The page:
Material Alterations, Special Assessments, and Borrowing
As to the title of this article, anyone familiar with Senate Bill 4-D and the newly required milestone inspection reports and structural integrity reserve studies primarily applicable to condominium and cooperative buildings three stories and higher knows that material alterations, special assessments, and the authority to borrow funds are not mentioned in the legislation. So why write this article about those subjects? Because the milestone reports and structural integrity reserve studies will no doubt also lead to both expected and unexpected required repairs and replacements. In effectuating such repairs and replacements, an association’s board of directors needs i) the ability to approve material alterations under certain circumstances that sometimes arise in connection with such work, ii) the ability to levy special assessments to pay for the work, and iii) the authority to borrow money that is often needed to pay for such repairs and replacements so that the special assessment payments can be amortized over time, thereby lessening the financial strain on the owners.
In the event the needed repairs and replacements require material alterations to the condominium common elements or cooperative property, an important question that arises is, is the approval of the members required? The relied-upon definition of what constitutes a “material alteration” comes from Sterling Village Condominium Inc. v. Breitenbach, 251 So. 2d 685 (Fla. 4th DCA 1971). It means to “palpably or perceptively vary or change the form, shape, elements, or specifications of the common elements in such a manner as to appreciably affect or influence its function, use, or appearance.”
Let’s first examine the relevant legislation concerning material alterations. As to condominium associations, §718.113, Fla. Stat., provides, in relevant part, that
Maintenance of the common elements is the responsibility of the association… Except as otherwise provided in this section, there shall be no material alteration or substantial additions to the common elements or to real property, which is association property, except in a manner provided in the declaration as originally recorded or as amended under the procedures provided therein. If the declaration as originally recorded or as amended under the procedures provided therein does not specify the procedure for approval of material alterations or substantial additions, 75 percent of the total voting interests of the association must approve the alterations or additions before the material alterations or substantial additions are commenced….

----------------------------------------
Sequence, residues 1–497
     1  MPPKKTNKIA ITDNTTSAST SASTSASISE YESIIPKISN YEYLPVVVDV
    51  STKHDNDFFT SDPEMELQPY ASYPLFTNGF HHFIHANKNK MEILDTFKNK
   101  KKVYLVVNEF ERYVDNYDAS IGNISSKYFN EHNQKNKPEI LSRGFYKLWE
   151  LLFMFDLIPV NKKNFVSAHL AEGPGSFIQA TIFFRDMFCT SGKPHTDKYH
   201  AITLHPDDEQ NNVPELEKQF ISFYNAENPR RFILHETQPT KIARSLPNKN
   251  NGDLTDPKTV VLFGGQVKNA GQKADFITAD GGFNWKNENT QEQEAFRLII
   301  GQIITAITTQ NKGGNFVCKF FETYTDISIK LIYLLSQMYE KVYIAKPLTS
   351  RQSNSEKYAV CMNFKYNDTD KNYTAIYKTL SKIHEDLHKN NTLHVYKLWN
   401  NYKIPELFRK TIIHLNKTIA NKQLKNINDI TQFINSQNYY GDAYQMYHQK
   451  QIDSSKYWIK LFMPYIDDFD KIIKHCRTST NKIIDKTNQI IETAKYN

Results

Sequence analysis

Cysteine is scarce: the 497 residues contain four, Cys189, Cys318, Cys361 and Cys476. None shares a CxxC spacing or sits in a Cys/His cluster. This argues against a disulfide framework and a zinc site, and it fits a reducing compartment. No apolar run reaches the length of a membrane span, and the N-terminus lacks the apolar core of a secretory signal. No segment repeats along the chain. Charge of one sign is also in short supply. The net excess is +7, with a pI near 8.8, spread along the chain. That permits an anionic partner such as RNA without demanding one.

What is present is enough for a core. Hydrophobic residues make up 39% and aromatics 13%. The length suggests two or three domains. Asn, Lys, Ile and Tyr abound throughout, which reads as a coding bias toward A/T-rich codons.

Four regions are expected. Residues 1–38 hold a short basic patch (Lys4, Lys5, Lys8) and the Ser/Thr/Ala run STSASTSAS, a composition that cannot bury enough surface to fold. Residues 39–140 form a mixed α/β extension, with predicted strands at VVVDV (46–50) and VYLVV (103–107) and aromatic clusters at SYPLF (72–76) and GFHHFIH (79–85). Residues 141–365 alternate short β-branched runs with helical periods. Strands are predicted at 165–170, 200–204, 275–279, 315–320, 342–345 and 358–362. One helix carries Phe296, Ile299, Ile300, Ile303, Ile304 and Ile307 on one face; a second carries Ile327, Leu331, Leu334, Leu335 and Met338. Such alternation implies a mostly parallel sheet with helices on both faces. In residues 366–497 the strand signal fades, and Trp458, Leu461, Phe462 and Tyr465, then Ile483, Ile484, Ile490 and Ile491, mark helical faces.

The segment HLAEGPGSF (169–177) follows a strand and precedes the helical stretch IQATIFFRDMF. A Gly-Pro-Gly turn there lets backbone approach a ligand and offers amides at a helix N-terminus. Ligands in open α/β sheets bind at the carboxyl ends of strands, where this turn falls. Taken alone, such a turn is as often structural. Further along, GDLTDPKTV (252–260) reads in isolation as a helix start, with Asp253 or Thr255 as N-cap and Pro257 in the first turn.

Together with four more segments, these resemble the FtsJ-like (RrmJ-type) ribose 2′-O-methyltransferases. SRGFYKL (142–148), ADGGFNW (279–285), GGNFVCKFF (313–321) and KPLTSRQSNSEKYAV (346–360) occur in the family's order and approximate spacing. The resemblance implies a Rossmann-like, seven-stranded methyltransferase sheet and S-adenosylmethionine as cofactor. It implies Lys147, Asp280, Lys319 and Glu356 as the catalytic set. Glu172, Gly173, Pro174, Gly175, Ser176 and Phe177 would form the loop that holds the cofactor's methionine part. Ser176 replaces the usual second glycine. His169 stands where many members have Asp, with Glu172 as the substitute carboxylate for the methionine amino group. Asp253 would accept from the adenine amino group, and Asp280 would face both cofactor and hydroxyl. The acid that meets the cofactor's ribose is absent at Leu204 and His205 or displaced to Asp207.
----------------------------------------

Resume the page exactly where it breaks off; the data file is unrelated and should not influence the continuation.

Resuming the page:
As to cooperative associations, §719.1055, Fla. Stat., provides in relevant part that
unless a lower number is provided in the cooperative documents or unless such action is expressly prohibited by the articles of incorporation or bylaws of the cooperative, … material alterations or substantial additions to such property by the association shall not be deemed to constitute a material alteration or modification of the appurtenances to the unit if such action is approved by two-thirds of the total voting interests of the cooperative. [emphasis added]
With all of this in mind, what if the required repairs stemming from the milestone report or structural integrity reserve study include necessary (meaning not voluntary) material alterations? If the governing documents do not vest such decision making to the board of directors, which is relatively rare, is the vote of the membership required? The short answer is that it depends on the facts and circumstances at hand. It is patently clear that merely because the replacement product is less expensive than replacing the item with the same product, that does not justify obviating the membership vote when required. See George v. Beach Club Villas Condominium Assoc., 833 So. 2d 816 (Fla. 3rd DCA 2002). For example, replacing a cedar shake roof with asphalt shingles due to cost considerations is not a sufficient reason to not obtain membership approval when otherwise required.